[WARNING: the comic being reviewed is not safe for work, or for small children or for those of weak constitution. Seriously. There's language here that could make a sailor blush, and does. Literally. It is hilarious though. So if cursing and "foul language" angers you, do not read further!]
What if there was a webcomic based on the premise “what if super-powered heroes were real?” What if the main super-heroine was a petite, foul-mouthed, capsacin-obsessed nerd grrl whose main super-power is causing apoplectic fits among authority figures? And what if one of those authority figures was the most powerful woman on Earth? Well, speculate no further, that comic is “Grrl Power” by David Barrack.
When I first saw an ad for this on another webcomic, I didn’t think much of it, mainly from the name. Then I saw a later ad which was more “pin-up” in nature and thought “oh, what the heck” and clicked on it. I tend to do that, which is why my site is kind of random. So, I click on the link and end up on “Grrl Power”, a comic about a girl named Sydney Scoville (Jr.!) and her adventures as a super-hero. As always, the best way to appreciate this comic is to go through the archive from page 1.
A disclaimer/rant/warning: On “bad” language. I know there are people out there who are offended by some words that people say. I know that some people like to say those words because they have nothing else to say, or because they want to deliberately shock or offend or anger someone listening. Well, over the years I’ve decided that I have complete control over whether or not certain words shock, offend or anger me. Therefore, if someone uses certain epithets or sacrilegious words where I can hear them, I can decide what their effect on me will be. Nowadays, I choose for them to have no effect.
I will not be offended, angered, and especially not shocked by “foul” language. Part of it may be just getting old and jaded, part of it may be learning different languages has taught me to look at words differently. For whatever reason, I have no problem reading or watching or listening to people swearing. However, I know that depending on the circumstances people will be angered at their use, and so in those circumstances, with those people, I don’t use those words. It doesn’t mean I approve or disapprove of their use, it’s that I don’t care for myself, and don’t want to offend others. That’s why I wrote the warning at the top of the page.
I mean this, if certain words offend you, and you know who you are and you know what those words are, do not follow any links in this review! You will be offended! Everyone else, enjoy!
Which leads me to the creator of this webcomic: David Barrack has a gift for swearing. I have seldom seen more creative curses, nor have I seen them used so hilariously and over-the-top. If you’ve ever wondered what Yosemite Sam might have been saying if he could have used real words in the Looney Tunes cartoons, you get the idea. Sydney has a hot temper even hotter than the absurdly spicy food she eats, and once touched off she doesn’t settle down until she runs out of energy or gets distracted. And, whatever you do, stay off of her “list“.
I like the way Mr. Barrack introduces us to the characters. Page 1 gives us the stereotypical “Superhero vs. Supervillian” fight, with the outrageously costumed characters slinging powers and snark at each other. After a page or so, it becomes obvious this isn’t a “normal” fight, because it breaks down into squabbling over whether a transparent force field is vulnerable to light-based weapons! It starts sounding like a bunch of kids on a playground, which we then see is actually a bunch of kids playing a superhero-based role-playing game, and we get to meet Sydney for the first time.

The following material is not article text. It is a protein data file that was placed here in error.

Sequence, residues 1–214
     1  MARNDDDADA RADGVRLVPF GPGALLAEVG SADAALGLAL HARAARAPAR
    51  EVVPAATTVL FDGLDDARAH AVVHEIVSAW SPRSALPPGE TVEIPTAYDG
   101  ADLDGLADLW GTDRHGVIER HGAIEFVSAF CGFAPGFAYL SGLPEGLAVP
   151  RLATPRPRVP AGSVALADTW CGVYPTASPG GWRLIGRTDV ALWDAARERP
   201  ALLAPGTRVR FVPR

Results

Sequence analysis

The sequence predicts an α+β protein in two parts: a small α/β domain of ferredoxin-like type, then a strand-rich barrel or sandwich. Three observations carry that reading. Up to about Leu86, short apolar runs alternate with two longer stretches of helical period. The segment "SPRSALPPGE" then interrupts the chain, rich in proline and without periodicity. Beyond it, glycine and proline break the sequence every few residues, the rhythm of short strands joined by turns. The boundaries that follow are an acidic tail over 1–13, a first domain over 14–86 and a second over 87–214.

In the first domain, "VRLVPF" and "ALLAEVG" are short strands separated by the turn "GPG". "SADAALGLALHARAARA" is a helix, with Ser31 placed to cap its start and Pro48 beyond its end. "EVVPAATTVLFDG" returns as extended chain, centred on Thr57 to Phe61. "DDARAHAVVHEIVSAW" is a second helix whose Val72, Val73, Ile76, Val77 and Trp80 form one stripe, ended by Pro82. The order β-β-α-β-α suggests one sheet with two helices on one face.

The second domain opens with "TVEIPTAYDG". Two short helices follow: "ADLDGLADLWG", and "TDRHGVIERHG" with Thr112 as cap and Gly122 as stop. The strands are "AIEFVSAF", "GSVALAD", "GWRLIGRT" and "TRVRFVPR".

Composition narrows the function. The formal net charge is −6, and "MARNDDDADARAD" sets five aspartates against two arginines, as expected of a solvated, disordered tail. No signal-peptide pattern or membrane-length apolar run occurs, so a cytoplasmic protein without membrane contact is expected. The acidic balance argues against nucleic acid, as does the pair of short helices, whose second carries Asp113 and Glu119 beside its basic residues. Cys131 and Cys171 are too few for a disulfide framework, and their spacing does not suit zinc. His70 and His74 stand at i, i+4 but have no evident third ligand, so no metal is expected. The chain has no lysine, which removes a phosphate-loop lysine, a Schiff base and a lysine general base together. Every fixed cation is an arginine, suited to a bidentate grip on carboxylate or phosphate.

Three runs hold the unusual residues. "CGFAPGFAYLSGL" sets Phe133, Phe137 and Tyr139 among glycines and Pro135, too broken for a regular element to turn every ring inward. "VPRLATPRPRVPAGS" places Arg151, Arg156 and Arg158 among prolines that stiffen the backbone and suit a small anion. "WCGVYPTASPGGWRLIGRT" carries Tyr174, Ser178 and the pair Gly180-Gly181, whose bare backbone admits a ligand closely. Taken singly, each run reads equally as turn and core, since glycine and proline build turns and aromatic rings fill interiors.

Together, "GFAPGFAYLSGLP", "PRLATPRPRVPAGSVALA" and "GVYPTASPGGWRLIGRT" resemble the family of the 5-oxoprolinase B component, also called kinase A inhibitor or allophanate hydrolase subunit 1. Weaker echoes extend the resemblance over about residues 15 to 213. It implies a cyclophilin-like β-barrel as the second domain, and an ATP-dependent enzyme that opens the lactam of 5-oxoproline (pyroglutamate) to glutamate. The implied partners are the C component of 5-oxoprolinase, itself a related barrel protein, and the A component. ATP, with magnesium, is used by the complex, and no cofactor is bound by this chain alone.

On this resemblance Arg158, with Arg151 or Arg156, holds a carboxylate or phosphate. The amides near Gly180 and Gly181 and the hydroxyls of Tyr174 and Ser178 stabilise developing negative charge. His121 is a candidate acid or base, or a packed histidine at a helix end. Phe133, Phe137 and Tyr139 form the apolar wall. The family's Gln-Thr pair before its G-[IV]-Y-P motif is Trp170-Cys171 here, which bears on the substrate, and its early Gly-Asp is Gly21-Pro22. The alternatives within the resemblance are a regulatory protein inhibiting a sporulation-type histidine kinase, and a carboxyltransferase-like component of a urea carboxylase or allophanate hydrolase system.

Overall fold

Of course with a prologue like that, what has to come next is the “senses-shattering origin” of our superheroine. Unfortunately, by the time we meet her again, she’s working at her mundane job as co-owner of a comic book shop, and she already has her “mysterious mystery macguffin” with no explanation of its origin or purpose. Not much shattering of senses, yet. But, as the archive runs on, we get to see more and more aspects of her personality, and we see how she copes with the everyday (and not so everyday) hassles of life: going to the bank, dodging evil sunshine rays, eating volcanic Thai food, and meeting a superhero during a bank robbery.
Another disclaimer: I like cute girls. I like cute girls with attitude. I really like cute girls with attitude that is well-deserved. Even though Sydney acts hyper and seems to border on ditzy, it’s only because she’s like a lot of ADD folks, she’s processing a lot of input very fast, following a lot of different threads, and makes statements that seem illogical as a result. It helps that she’s actually very smart, very well-read, and absolutely unafraid of consequences. She’s also very lucky, and having secret (at least through the first 80 or so pages) super-powers doesn’t hurt. Also, any girl that’s unafraid to say “yoink” or “blarg” when the situation calls for it, well she’s won my heart forever. Oh, and she also does a mean “Curly Howard” impression, too! (Google it, kids.)
So, all in all, I have to say this is one of the funniest web comics out there. Very few things nowadays can make me laugh out loud, for minutes on end, but “Grrl Power” has that, um, power. Mr. Barrack has a superb grasp of comedy timing, the pacing of the action is precise and controlled, and the absurdity exquisitely flows through the whole series like the smell of microwave popcorn in an office of cubicles. If you don’t mind language, you really should check this one out.